Top 10 Tips for Home Efficiency
There are endless ways to make your home more efficient, but some are easier than others to implement. Energy efficiency retrofits are a great way to update your home (and save money on your monthly bills), but once you’ve done the efficiency upgrades, you can take on these 10 tips for home efficiency to further reduce your electricity needs.
The following list includes some of the many ways you can create a more sustainable home with some simple habit changes. These tips won’t break the bank and don’t require spending a lot of time shopping for products to upgrade your home.
1. Hanging clothes to dry inside
Even if you live in a colder climate, you can reduce the need to turn on your dryer, or turn it on for a long time, by finding ways to hang clothes inside using a foldable drying rack, an indoor retractable clothesline, or just hanging items on hangers in your room. The dryer is one of the biggest energy hogs in the house, so you’re saving money each time you can avoid using it.
A foldable rack works best for small things, like dishtowels and pillowcases, but hangers are best for clothes. And when possible, I hang my sheets on the clothesline or drape over doors for a day of drying. Learn more about hanging clothes to dry inside here.
2. Cold water wash your laundry
Using the cold setting on your washing machine is just as effective as warm water, and saves a ton of energy that would be used to heat the water. Simply change the settings on your washing machine to cold wash/cold rinse and you’re done and save yourself about $60/year. Get more laundry efficiency tips here.
3. Changing computer settings
Our computers (and other devices) are vital parts of our work and home life, but learning how to make the most of their settings to reduce battery and electricity use is imperative. For instance, using a screensaver not only doesn’t save your screen, it uses a bunch of extra electricity AND costs you money. Here are our best tips for making your computer more efficient.
4. Food storage techniques
It might seem a stretch to say the food storage leads to reduced energy usage, but it’s true. Making sure your liquid containers are covered means less humidity in the fridge, which reduces frost (which, in turn, makes your fridge work harder). Also, have you ever made boiled some water and made tea, then put the tea into your fridge to turn it into iced tea? Or cooked some food and put the leftovers into a glass Pyrex and put it in the fridge? Well, if you wait a bit to ensure that your food has cooled to room temperature (or close to it) before putting it away means that the fridge has to work less to keep it cool. Cooling a food item from 200 degrees down to 37 uses a lot more energy than cooling it from room temp down to 37. It’s like that old story you hear about grandma baking a pie and putting it on the windowsill to cool rather than heating up the house. You know, back in the day when people still cooked their own stuff?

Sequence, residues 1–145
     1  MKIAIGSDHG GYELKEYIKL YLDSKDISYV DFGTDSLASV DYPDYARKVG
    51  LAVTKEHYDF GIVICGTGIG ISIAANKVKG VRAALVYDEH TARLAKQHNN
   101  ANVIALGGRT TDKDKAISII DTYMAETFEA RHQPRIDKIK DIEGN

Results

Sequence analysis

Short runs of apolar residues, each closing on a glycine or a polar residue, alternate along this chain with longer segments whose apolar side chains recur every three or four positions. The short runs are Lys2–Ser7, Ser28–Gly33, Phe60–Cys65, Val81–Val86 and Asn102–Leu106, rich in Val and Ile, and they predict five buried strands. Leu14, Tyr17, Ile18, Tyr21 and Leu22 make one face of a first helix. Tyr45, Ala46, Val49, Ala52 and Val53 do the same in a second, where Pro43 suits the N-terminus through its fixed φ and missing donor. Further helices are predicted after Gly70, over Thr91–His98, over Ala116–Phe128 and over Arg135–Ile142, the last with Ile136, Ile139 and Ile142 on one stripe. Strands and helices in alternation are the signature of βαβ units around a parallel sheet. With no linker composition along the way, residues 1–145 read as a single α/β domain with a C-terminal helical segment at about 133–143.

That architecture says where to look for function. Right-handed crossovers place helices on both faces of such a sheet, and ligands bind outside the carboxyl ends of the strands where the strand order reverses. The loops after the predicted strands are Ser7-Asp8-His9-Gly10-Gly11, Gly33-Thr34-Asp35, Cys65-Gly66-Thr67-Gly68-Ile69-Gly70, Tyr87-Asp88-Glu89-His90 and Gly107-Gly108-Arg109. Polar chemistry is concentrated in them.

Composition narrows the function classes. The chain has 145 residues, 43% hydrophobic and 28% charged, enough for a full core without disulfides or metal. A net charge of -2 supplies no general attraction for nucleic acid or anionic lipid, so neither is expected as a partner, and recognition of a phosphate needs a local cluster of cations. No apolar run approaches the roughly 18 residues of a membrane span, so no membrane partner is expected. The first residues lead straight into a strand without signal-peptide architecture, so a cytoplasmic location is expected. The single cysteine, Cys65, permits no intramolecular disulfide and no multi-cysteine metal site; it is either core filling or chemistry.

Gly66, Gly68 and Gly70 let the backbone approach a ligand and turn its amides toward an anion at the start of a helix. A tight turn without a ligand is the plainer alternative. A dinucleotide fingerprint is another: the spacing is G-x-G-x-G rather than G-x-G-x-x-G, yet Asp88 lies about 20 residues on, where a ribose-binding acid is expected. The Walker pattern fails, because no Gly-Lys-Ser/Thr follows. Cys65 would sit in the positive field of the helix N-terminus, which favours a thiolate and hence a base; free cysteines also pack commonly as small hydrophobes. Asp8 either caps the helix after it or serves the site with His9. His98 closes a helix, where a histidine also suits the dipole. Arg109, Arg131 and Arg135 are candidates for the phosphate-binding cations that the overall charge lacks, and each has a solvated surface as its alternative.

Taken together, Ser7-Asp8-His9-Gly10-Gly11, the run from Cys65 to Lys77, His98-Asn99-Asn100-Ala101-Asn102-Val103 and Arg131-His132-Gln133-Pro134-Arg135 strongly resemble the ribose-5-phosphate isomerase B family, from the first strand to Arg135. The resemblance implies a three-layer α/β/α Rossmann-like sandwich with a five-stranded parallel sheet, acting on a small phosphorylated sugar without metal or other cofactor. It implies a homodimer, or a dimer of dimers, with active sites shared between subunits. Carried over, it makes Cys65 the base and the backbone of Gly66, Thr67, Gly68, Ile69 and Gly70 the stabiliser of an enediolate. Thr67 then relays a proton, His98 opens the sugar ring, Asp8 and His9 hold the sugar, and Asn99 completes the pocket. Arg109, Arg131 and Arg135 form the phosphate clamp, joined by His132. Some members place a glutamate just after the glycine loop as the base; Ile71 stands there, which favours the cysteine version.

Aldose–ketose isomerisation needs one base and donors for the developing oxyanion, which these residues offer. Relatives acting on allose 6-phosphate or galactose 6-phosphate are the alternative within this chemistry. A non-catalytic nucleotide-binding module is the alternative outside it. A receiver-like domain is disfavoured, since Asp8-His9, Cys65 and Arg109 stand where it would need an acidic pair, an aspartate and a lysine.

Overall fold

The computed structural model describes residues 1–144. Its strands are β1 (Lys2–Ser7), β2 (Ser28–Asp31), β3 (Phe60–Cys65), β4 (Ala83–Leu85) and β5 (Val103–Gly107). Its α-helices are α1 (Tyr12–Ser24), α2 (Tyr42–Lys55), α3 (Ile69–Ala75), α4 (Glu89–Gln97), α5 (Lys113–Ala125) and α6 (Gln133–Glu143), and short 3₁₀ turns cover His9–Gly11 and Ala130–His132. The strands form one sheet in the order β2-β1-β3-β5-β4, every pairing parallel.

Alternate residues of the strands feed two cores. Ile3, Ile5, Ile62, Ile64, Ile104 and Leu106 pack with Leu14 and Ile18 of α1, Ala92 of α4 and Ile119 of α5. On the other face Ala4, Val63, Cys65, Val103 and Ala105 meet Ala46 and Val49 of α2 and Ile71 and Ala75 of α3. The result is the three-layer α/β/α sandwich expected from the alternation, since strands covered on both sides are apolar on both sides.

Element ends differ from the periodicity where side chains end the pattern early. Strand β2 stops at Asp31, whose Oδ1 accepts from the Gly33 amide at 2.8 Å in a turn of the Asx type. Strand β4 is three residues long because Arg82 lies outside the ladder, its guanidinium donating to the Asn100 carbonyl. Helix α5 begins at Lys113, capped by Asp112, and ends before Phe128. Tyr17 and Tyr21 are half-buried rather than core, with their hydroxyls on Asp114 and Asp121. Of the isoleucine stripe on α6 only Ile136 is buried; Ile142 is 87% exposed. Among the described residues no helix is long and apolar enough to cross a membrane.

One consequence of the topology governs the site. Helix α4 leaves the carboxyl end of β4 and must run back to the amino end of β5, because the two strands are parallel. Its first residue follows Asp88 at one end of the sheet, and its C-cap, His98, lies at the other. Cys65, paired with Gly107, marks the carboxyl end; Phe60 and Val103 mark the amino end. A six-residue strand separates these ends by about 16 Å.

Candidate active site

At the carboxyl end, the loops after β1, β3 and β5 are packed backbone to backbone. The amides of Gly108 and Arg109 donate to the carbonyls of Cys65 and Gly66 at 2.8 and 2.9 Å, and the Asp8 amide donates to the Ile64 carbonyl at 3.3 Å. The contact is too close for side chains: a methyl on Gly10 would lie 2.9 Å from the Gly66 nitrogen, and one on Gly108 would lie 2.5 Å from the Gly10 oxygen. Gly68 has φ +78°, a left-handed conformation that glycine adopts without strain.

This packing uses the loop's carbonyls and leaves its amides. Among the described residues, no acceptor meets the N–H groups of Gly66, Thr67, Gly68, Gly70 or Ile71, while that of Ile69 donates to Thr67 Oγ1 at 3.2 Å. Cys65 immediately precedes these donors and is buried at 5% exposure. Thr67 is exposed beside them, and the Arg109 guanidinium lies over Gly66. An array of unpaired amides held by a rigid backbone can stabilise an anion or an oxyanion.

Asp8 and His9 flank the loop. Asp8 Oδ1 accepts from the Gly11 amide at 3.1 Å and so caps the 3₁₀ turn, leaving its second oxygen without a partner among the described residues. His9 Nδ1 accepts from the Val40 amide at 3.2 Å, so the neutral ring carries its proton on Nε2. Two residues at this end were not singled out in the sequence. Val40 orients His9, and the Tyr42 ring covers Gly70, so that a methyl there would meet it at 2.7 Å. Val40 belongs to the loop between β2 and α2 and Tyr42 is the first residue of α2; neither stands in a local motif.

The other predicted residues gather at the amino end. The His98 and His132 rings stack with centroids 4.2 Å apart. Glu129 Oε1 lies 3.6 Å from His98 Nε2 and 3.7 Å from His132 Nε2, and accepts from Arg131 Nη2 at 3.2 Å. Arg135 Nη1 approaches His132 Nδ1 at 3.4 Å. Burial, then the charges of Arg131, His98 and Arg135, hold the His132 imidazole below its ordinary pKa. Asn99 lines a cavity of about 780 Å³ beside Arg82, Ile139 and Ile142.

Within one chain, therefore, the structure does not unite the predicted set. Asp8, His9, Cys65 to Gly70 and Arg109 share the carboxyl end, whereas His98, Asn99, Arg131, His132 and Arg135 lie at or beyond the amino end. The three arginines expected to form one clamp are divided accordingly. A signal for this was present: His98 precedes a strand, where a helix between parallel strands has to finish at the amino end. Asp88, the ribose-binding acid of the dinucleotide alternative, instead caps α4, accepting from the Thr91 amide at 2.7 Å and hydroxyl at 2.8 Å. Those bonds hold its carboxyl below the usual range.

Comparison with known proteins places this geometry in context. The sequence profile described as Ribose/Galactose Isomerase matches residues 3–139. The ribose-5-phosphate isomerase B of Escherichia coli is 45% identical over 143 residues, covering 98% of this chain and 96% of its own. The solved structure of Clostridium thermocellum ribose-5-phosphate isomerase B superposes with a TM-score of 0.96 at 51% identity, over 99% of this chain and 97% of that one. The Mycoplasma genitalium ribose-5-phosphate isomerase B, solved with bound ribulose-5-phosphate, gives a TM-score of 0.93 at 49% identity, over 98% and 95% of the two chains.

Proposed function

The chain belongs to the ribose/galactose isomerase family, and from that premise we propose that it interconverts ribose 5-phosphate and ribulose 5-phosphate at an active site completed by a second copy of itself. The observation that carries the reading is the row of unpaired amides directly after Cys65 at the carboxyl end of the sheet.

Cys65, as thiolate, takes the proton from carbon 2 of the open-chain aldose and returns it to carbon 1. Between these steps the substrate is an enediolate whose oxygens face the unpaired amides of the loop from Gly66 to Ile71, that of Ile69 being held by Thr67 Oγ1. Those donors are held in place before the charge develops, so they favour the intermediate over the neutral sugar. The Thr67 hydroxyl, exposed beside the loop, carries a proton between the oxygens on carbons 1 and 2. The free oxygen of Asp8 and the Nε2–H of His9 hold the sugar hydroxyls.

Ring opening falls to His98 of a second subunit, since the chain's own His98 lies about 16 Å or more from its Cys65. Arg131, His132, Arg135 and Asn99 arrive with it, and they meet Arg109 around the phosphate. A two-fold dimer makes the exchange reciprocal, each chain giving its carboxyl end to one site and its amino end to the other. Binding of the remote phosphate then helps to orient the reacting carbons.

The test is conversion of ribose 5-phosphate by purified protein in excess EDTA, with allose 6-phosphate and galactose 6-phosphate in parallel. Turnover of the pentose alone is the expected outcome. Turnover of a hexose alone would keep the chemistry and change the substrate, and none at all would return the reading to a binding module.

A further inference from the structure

Click here for more fridge and freezer efficiency tips.
5. Fridge organization
Keeping a fuller fridge and freezer is actually a key to energy success. If you are a light shopper and don’t have a full freezer or fridge, you can use old jugs or jars filled with water in either the freezer or fridge to act as ‘cold batteries.’ The more empty space you have, the more air that escapes when you open the door, and the harder the fridge has to work to return to cool after being opening. Get more kitchen efficiency tips here.
6. Pre-measure water for tea/coffee
This is one of the most important tips that I’ve learned over the years, and it saves not only energy but water too. If you use an electric kettle, stovetop, or microwave to heat your water for tea or coffee, measuring the amount of water beforehand means you’re only heating up the proper measure of water each time, and it ensures that no energy goes to waste heating up water you’re not going to use (this saves time, too AND keeps down the risk of spilling hot water on yourself!).
7. Coldbrew your coffee
If you are a regular drinker of coffee, you can save time and energy by using a cold-brew method to prepare your coffee for the next day. This method is best in a French press, where you can just measure the coffee grinds, stir with water, and let it rest overnight. If you prefer your coffee warm, you can heat in the microwave or on the stovetop for a minute to take the chill out. This method works with some strong teas, like black tea or hibiscus flowers, too. Here are some tips for the best cold brew coffee.
8. Dishwasher Efficiency
Turning off your automatic drying setting in your dishwasher can reduce the dishwasher energy consumption by 15% to 50% than the heat-dry setting. And of course, always running a full load can help ensure that the water and energy that does get used is utilized most efficiency.
9. Choose the right appliance for the job
Even though microwaves are not well-loved in the health community, they are actually the most energy efficient method of reheating your food, using two-thirds less energy than your stove for quick cooking. Another option is a countertop toaster oven: these small ovens heat up really quickly, using about one-third of the time and energy of heating a full size oven. Read more here about which appliances use the most energy in your home.
10. Keeping cool without cranking the AC
Air conditioning can be really helpful, but sometimes there are ways to cool down that don’t require you to turn on the AC. Having a ceiling fan or a portable fan can often be enough to cool a room (but remember that fans work to cool people, not a room, so be sure to turn them off then you leave the room). And always be sure to close your curtains or blinds to keep out the heat, which can help reduce the need for fans and AC.